Author Katie Parker
Woods Mill Schools Officer
We have had a wonderful summer with our Wild Woodies holiday clubs at Woods Mill, Henfield and Stanmer Park, Brighton.
Outside there is a slight chill in the air and I can see a yellow leaf or two fluttering down to the ground in the breeze, so it is hard to believe that the summer is coming to an end, but we have enjoyed glorious sunshine for each of our clubs over the past four weeks.
We had a different environmental theme for each session and planned activities designed to encourage the children to explore the world around them, from discovering tadpoles in the pond yet to develop their jumping legs to observing the cute and furry small mammals living in our wildlife garden.
Although we write lesson plans and provide all the equipment for the activities, we never worry if the session doesn’t go quite to plan. We always pace the activities so that the children have the time and freedom to explore, and make new and interesting discoveries. One example of this is on our walk up to our wildlife garden at Stanmer Park. On our journey we pass through a small stand of huge cedar of Lebanon trees, and in one patch of rough grass the children spotted a cricket, two spiders in their webs and a caterpillar. After this they spent much time rummaging around on their hands and knees hoping to spot more creatures. Growing alongside these trees is a magnificent old beech tree, with several branches bowing down to the ground and rising up again. The children were delighted to find them, and spent half an hour scrambling up and working their way down again.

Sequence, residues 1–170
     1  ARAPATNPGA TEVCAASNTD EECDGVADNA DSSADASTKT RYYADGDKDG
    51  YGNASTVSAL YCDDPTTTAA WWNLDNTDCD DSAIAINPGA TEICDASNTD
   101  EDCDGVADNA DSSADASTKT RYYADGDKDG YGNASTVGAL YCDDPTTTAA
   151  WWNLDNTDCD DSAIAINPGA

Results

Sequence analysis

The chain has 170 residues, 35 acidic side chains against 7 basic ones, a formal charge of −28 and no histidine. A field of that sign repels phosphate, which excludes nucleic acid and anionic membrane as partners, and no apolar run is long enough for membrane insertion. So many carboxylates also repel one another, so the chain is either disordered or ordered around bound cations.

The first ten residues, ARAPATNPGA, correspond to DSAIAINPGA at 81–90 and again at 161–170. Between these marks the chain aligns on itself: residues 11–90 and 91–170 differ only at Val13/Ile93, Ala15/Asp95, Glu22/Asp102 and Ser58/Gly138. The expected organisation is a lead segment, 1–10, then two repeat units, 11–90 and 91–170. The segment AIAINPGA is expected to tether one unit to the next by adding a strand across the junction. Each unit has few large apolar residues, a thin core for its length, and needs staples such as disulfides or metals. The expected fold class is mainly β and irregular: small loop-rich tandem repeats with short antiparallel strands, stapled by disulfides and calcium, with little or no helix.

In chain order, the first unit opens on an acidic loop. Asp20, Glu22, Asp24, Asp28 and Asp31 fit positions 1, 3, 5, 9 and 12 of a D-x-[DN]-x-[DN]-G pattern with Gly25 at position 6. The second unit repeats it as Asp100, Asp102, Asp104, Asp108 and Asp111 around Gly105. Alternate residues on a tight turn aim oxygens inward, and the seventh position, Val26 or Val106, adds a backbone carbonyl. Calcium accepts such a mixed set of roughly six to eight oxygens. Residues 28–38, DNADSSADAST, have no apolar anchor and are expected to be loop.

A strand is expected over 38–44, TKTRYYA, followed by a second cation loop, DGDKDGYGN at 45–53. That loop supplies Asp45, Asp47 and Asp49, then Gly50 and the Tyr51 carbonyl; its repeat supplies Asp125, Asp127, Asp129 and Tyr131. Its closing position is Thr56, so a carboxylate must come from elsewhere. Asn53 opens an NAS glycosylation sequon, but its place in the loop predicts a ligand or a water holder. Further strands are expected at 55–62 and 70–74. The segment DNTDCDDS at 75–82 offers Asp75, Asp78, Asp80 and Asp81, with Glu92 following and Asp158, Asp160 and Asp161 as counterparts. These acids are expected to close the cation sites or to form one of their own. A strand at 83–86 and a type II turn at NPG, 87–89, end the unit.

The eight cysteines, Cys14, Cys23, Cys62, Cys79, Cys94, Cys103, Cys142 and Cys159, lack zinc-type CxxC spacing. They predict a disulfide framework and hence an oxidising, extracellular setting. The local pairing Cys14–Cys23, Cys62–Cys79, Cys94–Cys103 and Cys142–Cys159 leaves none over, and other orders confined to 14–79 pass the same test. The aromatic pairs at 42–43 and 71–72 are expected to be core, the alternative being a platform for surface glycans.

Everyone’s favourite activity always seems to be learning how to survive in the woodland by lighting a fire using special fire strikers, and I don’t think it’s just the thought of toasting a marshmallow at the end that spurs them on!
The highlight of the summer for me was observing the children becoming more relaxed and confident as the weeks went on, and how they are taken over with fascination when they discover some new creepy crawly. This confirms my belief that children are ‘designed’ to be in the outdoors, and seem to be the most serene and happy when they are surrounded by the wonders of nature.
Thank you to all the Wild Woodies who came along and to all the lovely volunteers who gave up their time to help. I can’t wait for our next wild adventure!